“We’ve created a culture where it's okay to work with someone who has cancer or heart disease. But, we are wary of someone who has schizophrenia and has to take medication. Neither condition was something the person chose. Yet we have empathy and compassion for the person with cancer, but lack that for the person with a mental health problem. Because of this culture, it’s harder for someone to come forward for help. They’re afraid of being ostracized by their family, friends, or co-workers. This only makes the problem worse and can ultimately lead to additional self-harm. What we need to fix here is our awareness and understanding, so we can give these suffering people the treatment and care they deserve.” said Harris

The biggest step a suffering individual can make is admitting they have a problem they cannot fix on their own. From there it's about determining what appropriate care should be administered to that person. Northwest Indiana has many resources available to people suffering from addiction and mental health disorders.

For substance abuse, the next step after acknowledging the addiction is detoxification and rehab. Here is a list of areas that specialize in mental health wellness in Northwest Indiana:

goodnews franciscan healthFranciscan Health-Dyer

goodnews regional mental healthRegional Mental Health

St-Catherine-HospitalSt. Catherine Hospital Behavioral Health Services

goodnews michinanaMichiana Behavioral Health Plymouth Indiana

goodnews pssPorter-Starke Services
In Porter and Starke County, a fantastic resource for both mental health and drug abuse is Porter-Starke Services. The Porter Starke location in Valparaiso has both an Inpatient and Outpatient Center for mental health assistance. This location also has the only methadone clinic in Porter County. Porter Starke’s Recovery Center offers counseling, doctor assistance, and a dose of methadone all for $13 a day. Porter Starke also pushes for community awareness through their yearly Turkey Trot and Out of the Darkness Suicide Prevention Walk.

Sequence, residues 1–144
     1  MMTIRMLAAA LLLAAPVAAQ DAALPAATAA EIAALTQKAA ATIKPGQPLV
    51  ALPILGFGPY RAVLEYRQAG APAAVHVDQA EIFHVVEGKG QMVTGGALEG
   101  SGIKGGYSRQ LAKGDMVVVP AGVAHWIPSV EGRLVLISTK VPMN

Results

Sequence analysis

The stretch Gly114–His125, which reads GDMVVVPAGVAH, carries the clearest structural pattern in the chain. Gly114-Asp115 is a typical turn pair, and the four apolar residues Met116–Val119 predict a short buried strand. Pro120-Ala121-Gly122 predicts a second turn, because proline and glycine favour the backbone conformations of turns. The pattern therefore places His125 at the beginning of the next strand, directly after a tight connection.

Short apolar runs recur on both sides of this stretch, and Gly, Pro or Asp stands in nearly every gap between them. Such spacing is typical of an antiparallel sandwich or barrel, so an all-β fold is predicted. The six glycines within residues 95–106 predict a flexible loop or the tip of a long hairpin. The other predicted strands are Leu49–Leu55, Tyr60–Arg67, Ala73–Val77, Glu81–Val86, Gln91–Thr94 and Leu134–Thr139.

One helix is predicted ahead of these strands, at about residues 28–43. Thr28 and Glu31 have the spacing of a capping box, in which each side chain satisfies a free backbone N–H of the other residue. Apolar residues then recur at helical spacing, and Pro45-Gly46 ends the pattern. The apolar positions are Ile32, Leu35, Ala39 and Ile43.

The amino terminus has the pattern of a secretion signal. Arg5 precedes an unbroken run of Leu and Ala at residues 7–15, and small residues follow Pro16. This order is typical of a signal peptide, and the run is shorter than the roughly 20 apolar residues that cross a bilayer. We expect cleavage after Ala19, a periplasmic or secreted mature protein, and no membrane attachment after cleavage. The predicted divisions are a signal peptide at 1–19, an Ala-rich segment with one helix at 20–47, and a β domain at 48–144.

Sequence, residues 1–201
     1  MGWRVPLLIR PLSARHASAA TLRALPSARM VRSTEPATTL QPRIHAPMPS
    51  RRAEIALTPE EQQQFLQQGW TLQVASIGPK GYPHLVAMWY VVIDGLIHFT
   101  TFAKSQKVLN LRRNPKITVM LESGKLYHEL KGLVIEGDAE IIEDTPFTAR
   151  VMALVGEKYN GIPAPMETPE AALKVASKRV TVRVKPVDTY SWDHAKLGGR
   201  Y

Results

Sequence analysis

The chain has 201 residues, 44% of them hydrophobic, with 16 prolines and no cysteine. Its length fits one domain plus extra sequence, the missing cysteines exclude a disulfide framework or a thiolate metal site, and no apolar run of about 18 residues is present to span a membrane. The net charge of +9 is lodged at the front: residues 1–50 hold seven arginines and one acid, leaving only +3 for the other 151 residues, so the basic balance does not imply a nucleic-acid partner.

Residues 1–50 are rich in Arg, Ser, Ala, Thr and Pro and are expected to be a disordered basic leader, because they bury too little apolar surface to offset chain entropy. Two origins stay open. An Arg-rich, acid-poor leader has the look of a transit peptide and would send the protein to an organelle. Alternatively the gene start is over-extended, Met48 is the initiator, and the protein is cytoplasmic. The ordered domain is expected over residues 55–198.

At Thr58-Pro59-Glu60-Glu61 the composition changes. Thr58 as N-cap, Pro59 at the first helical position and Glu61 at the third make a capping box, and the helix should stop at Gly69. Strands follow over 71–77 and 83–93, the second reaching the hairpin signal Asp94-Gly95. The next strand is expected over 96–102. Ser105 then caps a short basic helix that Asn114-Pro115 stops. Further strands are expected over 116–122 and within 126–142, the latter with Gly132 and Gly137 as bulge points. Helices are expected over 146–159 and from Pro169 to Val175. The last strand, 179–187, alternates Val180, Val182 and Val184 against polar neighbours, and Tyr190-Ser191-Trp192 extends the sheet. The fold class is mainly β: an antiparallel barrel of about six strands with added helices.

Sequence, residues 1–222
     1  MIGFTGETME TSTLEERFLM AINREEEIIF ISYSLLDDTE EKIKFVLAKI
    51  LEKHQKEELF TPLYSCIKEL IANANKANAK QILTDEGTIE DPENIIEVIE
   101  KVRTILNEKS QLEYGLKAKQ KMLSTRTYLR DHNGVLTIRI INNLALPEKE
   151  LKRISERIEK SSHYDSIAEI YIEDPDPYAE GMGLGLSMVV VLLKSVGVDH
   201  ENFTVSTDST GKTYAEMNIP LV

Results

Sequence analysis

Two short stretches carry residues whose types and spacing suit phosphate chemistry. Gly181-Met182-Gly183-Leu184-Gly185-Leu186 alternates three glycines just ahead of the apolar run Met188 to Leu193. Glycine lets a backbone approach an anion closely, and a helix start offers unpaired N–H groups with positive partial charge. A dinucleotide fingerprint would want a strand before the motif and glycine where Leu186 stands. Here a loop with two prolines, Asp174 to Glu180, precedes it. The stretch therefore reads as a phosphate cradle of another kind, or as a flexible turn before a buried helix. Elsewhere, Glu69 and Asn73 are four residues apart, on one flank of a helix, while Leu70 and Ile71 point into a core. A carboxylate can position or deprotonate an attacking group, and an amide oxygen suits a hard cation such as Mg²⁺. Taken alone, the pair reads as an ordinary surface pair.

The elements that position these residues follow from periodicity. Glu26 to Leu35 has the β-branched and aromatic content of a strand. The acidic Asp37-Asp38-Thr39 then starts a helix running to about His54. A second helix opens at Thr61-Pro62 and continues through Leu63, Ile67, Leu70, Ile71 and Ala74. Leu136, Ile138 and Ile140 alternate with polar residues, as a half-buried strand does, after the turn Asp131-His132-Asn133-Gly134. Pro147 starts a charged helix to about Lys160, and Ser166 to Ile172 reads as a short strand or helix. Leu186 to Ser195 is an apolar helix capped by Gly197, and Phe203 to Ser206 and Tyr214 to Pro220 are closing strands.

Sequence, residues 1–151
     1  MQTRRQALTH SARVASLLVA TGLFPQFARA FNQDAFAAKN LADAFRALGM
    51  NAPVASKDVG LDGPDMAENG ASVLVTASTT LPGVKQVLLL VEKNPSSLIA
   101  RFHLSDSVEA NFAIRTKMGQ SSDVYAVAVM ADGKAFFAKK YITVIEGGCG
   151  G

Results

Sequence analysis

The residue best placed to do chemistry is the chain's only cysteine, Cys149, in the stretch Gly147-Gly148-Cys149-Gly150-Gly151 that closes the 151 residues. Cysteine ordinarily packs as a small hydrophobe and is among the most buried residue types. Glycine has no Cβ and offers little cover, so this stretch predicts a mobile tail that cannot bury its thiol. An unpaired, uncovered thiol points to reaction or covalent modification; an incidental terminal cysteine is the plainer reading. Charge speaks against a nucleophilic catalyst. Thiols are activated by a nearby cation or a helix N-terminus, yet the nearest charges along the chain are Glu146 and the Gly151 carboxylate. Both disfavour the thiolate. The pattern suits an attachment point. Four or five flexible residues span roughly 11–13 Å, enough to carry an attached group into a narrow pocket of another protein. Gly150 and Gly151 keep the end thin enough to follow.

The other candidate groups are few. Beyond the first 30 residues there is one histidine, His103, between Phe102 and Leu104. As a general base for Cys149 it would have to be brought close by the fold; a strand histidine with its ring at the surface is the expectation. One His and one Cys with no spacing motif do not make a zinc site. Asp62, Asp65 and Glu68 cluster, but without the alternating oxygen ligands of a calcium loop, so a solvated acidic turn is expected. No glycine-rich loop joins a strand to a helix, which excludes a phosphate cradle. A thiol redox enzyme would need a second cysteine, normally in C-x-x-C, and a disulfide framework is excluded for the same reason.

goodnews Morraine HouseMoraine House Valparaiso
Another location for substance abuse is the Moraine House in Valparaiso. Moraine House is a home to 13 residents in various stages of recovery. This treatment program is recommended for 180 days. During residency the residents adhere to all rules and regulations of Moraine House, attend AA and NA meetings at least 3 times a week, participate in the Recovery Dynamics program and the Back to Basics program, meet the Bridge Gap Committee which reviews the residents progress each week, seek employment (if not employed), and finds at least one local AA or NA sponsor in the Valparaiso area.

goodnews respite-house-valpoHalfway Houses:
There are several halfway houses located throughout Valparaiso. Respite House is a halfway house for men. Respite House is a one-level structure with adequate living space for 15 residents. For women, Valparaiso has Alice’s House, which is a halfway house for women seeking similar treatment. Porter Starke Services also has a Women's Recovery Home available as well. 

Pick Up the Phone and Ask For Help:

A small step an individual can take on their own is just by speaking to a professional who works in the field about their problems or recurring issues. These phone calls remain anonymous, unless there is an immediate danger where the individual may harm themselves.

Regional East Chicago and Merrillville Crisis Line: 219-769-4005

Porter Starke Crisis Hotline: 219-464-4939

Non-Crisis Hotline - Porter Starke Services: 1-800-519-0469

National Suicide Prevention Hotline: 1-800-273-8255

Let’s turn the tide. There is help available. An individual seeking help can start anywhere by just phoning or contacting one of these resources. There are many people throughout Northwest Indiana that just want to help. The support is there. It’s up to us to make sure those in need are aware and receive it.